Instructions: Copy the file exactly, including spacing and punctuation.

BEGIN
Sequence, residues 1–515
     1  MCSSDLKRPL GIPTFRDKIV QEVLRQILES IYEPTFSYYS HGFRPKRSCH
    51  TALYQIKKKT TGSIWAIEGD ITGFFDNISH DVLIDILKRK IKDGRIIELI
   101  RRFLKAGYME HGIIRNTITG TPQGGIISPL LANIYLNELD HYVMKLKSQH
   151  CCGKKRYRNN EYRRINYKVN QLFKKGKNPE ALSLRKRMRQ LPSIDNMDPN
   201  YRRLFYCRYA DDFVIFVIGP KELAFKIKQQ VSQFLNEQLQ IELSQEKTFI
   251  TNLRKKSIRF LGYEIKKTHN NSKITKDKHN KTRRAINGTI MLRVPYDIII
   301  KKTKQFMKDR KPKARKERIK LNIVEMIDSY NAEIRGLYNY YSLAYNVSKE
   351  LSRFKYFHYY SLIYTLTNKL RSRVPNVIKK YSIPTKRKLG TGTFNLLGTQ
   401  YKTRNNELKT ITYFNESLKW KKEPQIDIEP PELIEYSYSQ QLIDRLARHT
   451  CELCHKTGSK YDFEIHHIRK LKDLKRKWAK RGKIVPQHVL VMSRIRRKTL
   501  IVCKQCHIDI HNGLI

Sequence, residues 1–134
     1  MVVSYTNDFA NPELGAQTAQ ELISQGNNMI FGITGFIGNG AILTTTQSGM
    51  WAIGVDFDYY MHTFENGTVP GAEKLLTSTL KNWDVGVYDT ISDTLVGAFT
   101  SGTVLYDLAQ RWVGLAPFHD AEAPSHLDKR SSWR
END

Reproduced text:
Sequence, residues 1–515
     1  MCSSDLKRPL GIPTFRDKIV QEVLRQILES IYEPTFSYYS HGFRPKRSCH
    51  TALYQIKKKT TGSIWAIEGD ITGFFDNISH DVLIDILKRK IKDGRIIELI
   101  RRFLKAGYME HGIIRNTITG TPQGGIISPL LANIYLNELD HYVMKLKSQH
   151  CCGKKRYRNN EYRRINYKVN QLFKKGKNPE ALSLRKRMRQ LPSIDNMDPN
   201  YRRLFYCRYA DDFVIFVIGP KELAFKIKQQ VSQFLNEQLQ IELSQEKTFI
   251  TNLRKKSIRF LGYEIKKTHN NSKITKDKHN KTRRAINGTI MLRVPYDIII
   301  KKTKQFMKDR KPKARKERIK LNIVEMIDSY NAEIRGLYNY YSLAYNVSKE
   351  LSRFKYFHYY SLIYTLTNKL RSRVPNVIKK YSIPTKRKLG TGTFNLLGTQ
   401  YKTRNNELKT ITYFNESLKW KKEPQIDIEP PELIEYSYSQ QLIDRLARHT
   451  CELCHKTGSK YDFEIHHIRK LKDLKRKWAK RGKIVPQHVL VMSRIRRKTL
   501  IVCKQCHIDI HNGLI

Sequence, residues 1–134
     1  MVVSYTNDFA NPELGAQTAQ ELISQGNNMI FGITGFIGNG AILTTTQSGM
    51  WAIGVDFDYY MHTFENGTVP GAEKLLTSTL KNWDVGVYDT ISDTLVGAFT
   101  SGTVLYDLAQ RWVGLAPFHD AEAPSHLDKR SSWR